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THE GLOBAL FUND AND DISBURSEMENTS – MOVING MONEY OUT THE DOOR
GFO Issue 16

THE GLOBAL FUND AND DISBURSEMENTS – MOVING MONEY OUT THE DOOR

Author:

Bernard Rivers

Article Type:
Analysis

Article Number: 3

ABSTRACT As more funds become available to tackle HIV/AIDS in poor countries, the ability of grant-making agencies to move money into the field is crucial. In this regard, the Global Fund has an admirable record, particularly for an organization formed so recently. The Fund is moving money to grant recipients with considerable - and increasing - speed.

As more funds become available for prevention and treatment of HIV/AIDS in poor countries, the ability of grant-making agencies to move money into the field is crucial. In this regard, the Global Fund to Fight AIDS, Tuberculosis and Malaria has an admirable record, particularly for an organization formed so recently. The Fund is moving money to grant recipients with considerable – and increasing – speed.

The Fund’s disbursement process is central to an understanding of the Fund’s pace of disbursements. The Fund does not disburse an entire 2-year grant at once. The Fund disburses grants in installments, generally on a quarterly basis. This method enables the Fund to ensure that the grant money is being used properly and that progress is being achieved. Thus, a seemingly low proportion of grant commitments that have been disbursed so far (as of mid-November, the Fund has disbursed $164 million, or about 11%, of the $1.5 billion in commitments for Rounds 1 and 2) does not mean that the Fund is having trouble disbursing money, or that it has more money than it can spend. Indeed, it has committed all funds pledged through 2003, as well as $138 million pledged for 2004, a total of $2.05 billion – more than the $1.71 billion that donors had actually paid into the Fund as of December 4, 2003.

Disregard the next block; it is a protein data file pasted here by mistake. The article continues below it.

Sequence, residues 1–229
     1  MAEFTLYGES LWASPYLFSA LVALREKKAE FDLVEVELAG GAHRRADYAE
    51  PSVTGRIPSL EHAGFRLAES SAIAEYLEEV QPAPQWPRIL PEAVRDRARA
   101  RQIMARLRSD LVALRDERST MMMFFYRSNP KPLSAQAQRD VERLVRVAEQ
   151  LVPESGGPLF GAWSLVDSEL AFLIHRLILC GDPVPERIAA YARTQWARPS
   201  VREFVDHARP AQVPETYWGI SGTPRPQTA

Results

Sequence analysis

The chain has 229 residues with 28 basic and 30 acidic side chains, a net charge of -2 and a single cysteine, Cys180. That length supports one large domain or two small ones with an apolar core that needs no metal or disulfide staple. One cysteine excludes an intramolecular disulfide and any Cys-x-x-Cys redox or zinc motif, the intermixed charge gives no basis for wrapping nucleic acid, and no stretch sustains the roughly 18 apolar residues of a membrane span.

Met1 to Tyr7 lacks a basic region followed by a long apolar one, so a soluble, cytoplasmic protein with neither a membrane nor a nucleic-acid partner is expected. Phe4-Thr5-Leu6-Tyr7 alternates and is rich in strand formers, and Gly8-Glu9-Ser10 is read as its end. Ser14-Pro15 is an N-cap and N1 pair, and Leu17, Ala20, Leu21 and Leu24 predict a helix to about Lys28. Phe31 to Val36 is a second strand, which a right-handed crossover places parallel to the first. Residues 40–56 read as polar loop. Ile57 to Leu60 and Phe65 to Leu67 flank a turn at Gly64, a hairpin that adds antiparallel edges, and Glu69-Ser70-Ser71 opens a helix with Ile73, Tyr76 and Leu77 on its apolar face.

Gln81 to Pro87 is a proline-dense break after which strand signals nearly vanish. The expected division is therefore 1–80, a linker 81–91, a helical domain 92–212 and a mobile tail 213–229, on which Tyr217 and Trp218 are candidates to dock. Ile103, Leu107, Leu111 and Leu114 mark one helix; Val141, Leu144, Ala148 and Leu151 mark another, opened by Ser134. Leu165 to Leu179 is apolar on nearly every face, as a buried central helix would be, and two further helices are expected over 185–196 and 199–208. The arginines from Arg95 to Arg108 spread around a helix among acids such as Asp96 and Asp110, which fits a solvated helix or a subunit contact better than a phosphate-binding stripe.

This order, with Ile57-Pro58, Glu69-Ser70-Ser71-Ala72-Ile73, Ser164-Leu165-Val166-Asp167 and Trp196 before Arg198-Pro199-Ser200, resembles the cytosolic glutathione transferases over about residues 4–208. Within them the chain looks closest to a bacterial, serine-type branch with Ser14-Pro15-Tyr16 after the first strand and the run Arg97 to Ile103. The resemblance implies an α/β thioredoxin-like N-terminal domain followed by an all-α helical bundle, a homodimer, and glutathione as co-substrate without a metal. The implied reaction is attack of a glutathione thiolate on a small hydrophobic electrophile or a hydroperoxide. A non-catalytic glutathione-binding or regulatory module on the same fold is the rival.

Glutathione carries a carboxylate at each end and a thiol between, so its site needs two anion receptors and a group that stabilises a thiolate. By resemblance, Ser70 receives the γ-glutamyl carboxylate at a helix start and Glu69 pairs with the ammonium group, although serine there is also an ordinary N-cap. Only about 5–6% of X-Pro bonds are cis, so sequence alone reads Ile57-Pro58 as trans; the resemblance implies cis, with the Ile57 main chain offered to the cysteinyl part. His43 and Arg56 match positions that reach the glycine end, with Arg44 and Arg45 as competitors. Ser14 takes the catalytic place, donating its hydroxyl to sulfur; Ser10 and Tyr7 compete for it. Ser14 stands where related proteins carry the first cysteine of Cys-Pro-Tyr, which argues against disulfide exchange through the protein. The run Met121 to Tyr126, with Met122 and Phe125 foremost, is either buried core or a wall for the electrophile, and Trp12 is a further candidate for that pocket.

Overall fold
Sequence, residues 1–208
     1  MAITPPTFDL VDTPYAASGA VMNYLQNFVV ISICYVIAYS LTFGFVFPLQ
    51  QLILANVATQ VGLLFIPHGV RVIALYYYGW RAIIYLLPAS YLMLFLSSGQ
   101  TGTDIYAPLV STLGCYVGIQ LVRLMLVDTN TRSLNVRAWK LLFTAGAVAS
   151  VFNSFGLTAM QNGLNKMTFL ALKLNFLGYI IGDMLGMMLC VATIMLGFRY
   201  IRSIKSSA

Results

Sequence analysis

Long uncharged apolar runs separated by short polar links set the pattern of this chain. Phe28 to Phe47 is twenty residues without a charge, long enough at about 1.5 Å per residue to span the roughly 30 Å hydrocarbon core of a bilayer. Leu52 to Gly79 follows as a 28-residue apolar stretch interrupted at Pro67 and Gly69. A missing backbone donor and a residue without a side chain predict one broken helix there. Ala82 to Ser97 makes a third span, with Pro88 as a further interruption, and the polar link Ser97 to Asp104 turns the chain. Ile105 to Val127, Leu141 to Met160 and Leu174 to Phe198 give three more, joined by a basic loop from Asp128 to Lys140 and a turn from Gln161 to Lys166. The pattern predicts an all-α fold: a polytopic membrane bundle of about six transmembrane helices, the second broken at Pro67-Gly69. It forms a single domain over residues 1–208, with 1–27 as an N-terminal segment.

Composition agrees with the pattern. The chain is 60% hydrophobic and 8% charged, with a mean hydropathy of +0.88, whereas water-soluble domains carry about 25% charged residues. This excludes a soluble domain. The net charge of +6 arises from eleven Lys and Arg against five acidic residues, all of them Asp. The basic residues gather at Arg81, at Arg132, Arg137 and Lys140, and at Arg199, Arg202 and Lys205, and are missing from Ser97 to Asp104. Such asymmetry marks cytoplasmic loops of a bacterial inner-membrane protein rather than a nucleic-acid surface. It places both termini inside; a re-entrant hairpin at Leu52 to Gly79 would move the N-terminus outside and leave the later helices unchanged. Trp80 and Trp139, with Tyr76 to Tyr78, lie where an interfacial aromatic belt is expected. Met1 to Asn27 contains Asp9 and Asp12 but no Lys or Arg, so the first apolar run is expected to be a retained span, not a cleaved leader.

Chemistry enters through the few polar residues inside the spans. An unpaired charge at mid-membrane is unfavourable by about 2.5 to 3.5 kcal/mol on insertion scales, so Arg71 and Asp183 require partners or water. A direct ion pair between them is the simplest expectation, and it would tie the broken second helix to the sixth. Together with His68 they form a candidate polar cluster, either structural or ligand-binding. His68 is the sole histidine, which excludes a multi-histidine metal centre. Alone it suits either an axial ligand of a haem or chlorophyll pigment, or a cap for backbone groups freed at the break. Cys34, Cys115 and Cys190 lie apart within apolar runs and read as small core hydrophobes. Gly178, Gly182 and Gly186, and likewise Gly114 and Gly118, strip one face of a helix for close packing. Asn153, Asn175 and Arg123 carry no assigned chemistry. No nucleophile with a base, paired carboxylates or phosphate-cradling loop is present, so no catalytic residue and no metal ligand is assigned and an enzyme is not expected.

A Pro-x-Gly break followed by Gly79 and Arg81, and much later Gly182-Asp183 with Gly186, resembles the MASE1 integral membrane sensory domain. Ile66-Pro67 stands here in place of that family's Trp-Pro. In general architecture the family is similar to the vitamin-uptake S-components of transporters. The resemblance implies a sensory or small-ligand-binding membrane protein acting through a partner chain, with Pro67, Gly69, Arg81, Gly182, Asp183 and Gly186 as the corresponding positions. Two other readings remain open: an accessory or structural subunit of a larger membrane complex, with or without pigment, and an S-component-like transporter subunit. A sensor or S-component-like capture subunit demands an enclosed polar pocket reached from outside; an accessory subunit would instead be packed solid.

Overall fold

Most grantees have received one or two sets of disbursements; Ghana and Haiti have received three. The Fund is on pace to disburse $1 billion by the end of 2004 towards its $2.05 billion in commitments for the first two-years of proposals approved for Rounds 1, 2, and 3. Because the disbursements are made in installments, the disbursements will always be below commitments.

Most of the time between proposal approval and the first disbursement passes as the Fund and country coordinating mechanism work to establish the in-country mechanisms needed to ensure that the grant is used effectively and efficiently. This process entails finding a Local Fund Agent (which provides financial oversight) and a Principal Recipient (which is responsible for distributing the funds among the implementing organizations). The Fund can then sign a grant agreement with the Principal Recipient, enabling the funds to flow once any other requirements (such as the need to develop an approved plan for procurement and supply management) are fulfilled. As these mechanisms are established in an increasing number of countries, and as the Fund gains more experience in laying this groundwork, the time between when a proposal is approved and when a grant agreement is signed will decrease significantly. Indeed, from the first round to the second round, this period of time decreased from an average of 10.3 months to 4.6 months (a decrease of 55%). The first two grant agreements on a Round 2 proposal, both for Madagascar, were signed 2.7 months after being approved. As of November 15, 2003, grant agreements had been signed for 78% of the proposal components approved in Rounds 1 and 2, and had a total value of $1.09 billion as of mid-November 2003 (64% of contributions).